I Wrote a Chair

“We are what we repeatedly do.  Excellence is not an act, but a habit”
~Aristotle

It’s difficult to call myself a writer, when I write so infrequently these days.   Sometimes I feel like the last kid on the empty playground shouting “I‘m gonna be an astronaut some day, just you watch!”  to the dusty nothingness of cracked asphalt and faded lines as the afternoon sun of my youth slinks quickly behind the ever growing shadows and inevitability of adulthood.  Everyone else has gone inside and traded in their dreams for something more practical.  And I’m a waiter, who writes.  But not even the latter all that much.

It’s an empty word.  Writer.  A thin blanket so many others have veiled themselves to excuse their aspirations of greatness never blossoming into fruition.  Writer.  It’s a vague and incomplete title.  Tell someone you’re a carpenter and they’ll ask to see your wood-shop, or sit upon a sturdy chair you’ve built.  I’m a writer.  But I’m still working working on my novel.  Any day now…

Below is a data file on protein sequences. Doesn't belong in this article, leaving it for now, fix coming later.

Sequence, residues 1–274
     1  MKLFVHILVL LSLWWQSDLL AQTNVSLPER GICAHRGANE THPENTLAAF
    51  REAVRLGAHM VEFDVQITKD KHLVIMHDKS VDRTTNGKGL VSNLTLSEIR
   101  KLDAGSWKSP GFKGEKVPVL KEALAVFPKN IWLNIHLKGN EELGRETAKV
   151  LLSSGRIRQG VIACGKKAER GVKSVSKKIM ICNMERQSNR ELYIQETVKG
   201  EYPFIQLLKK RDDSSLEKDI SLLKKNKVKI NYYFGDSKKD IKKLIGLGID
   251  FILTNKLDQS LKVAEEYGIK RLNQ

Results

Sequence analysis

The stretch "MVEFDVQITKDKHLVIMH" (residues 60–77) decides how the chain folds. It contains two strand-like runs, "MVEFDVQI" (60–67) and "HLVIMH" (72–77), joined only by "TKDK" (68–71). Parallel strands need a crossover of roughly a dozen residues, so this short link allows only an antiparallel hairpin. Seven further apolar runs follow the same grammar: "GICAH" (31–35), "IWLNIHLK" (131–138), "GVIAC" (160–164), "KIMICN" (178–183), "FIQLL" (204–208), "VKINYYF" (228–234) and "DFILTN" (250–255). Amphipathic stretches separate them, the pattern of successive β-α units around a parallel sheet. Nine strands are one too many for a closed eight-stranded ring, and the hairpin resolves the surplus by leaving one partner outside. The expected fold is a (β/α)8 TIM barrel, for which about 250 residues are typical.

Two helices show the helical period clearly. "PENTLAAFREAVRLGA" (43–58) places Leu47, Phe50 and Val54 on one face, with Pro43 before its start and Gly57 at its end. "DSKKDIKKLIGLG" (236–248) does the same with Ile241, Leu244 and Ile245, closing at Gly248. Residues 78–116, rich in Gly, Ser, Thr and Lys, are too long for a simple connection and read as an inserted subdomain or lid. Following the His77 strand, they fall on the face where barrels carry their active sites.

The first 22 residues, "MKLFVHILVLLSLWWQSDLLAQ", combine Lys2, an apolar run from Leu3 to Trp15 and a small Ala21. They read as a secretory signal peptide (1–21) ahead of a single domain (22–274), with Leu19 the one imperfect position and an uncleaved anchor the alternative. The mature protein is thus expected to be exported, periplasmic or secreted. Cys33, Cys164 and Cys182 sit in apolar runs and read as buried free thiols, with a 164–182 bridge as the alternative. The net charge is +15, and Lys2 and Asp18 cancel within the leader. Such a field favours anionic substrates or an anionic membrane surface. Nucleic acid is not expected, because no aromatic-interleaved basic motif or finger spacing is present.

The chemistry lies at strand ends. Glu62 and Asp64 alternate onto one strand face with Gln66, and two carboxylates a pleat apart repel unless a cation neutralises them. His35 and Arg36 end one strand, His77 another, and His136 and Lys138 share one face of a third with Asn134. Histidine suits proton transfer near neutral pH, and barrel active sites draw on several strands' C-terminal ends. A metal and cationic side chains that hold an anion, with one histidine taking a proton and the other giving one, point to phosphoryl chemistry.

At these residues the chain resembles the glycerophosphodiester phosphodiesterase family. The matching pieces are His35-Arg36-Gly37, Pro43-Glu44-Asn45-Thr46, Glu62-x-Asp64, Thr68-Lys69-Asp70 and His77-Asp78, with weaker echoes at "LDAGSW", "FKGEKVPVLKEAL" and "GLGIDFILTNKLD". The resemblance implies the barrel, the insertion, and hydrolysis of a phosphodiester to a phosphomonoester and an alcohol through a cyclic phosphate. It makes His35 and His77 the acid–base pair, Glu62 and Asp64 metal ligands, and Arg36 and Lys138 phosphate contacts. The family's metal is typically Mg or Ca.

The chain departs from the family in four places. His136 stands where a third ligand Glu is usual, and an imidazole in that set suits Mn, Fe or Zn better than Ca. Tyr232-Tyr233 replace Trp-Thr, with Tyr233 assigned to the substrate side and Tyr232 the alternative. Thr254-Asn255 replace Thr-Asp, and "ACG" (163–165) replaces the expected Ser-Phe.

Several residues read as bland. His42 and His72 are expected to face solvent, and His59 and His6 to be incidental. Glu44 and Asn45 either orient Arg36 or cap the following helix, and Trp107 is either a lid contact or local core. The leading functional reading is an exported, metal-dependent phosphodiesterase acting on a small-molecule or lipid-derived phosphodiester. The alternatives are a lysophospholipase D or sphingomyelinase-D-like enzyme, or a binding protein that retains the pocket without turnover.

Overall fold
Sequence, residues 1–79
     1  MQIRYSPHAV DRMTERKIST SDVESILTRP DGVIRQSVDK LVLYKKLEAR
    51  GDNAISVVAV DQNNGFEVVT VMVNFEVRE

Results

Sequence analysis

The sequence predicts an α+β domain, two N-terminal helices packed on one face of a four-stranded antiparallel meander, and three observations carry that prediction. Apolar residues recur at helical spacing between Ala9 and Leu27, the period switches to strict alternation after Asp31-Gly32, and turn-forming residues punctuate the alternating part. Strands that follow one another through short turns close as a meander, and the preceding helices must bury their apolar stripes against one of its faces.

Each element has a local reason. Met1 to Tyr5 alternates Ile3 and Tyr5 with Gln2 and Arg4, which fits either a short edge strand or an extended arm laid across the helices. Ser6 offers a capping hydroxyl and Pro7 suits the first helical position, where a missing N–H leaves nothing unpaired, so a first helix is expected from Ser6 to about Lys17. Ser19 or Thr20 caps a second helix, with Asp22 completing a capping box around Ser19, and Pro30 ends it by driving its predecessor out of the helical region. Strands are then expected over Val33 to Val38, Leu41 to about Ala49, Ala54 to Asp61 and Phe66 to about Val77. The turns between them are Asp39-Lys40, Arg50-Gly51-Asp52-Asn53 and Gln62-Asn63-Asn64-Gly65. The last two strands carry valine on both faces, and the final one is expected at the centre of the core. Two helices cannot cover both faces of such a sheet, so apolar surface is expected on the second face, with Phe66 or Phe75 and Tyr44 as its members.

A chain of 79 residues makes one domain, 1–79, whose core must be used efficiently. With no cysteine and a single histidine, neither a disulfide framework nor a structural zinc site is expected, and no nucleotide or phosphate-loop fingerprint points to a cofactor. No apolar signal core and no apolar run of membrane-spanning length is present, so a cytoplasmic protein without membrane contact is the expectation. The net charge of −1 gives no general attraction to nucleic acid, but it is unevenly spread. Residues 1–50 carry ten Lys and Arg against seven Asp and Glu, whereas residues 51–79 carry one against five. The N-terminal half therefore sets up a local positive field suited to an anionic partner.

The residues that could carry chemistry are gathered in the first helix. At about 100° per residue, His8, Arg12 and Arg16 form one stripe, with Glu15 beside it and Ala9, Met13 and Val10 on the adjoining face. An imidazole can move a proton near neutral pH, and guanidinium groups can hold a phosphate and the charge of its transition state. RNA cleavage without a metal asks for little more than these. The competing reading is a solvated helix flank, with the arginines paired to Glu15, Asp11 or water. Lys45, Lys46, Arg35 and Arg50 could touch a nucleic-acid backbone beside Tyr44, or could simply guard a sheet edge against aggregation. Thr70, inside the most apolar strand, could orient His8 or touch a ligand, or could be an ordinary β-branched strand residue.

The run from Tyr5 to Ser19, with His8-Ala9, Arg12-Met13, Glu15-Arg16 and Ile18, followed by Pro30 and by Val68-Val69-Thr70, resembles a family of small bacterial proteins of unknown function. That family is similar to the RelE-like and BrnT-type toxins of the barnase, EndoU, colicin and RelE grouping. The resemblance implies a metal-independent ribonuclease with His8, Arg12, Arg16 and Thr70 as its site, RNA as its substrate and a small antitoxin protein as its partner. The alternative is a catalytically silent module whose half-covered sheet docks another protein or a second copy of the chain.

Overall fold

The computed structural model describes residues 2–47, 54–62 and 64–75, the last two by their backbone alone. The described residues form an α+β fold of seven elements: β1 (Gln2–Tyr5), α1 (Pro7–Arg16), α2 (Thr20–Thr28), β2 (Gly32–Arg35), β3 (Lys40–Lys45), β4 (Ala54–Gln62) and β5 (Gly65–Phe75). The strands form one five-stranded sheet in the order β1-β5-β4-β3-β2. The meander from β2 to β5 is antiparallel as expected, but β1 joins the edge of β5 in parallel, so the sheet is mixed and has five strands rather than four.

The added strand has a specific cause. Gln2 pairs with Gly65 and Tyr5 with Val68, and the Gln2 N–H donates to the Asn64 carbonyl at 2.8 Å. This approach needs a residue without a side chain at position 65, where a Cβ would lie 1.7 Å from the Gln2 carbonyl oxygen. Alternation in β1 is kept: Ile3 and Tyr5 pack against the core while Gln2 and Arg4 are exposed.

A chair either is– or it isn’t.  It exists in either of those two states.  Useless wood, or functional-something-finished.

And I think I’ve gotten it tangled up in my head.  This idea of the chair I want to make.  With the perfect spine and easy arm rests, and perfect legs, so much so that the very thought of constructing it, has me hiding from the shop.  But in truth.  I just need to touch wood.   To touch wood as often as I can, for as long as I can.  And eventually… something will come to fruition.

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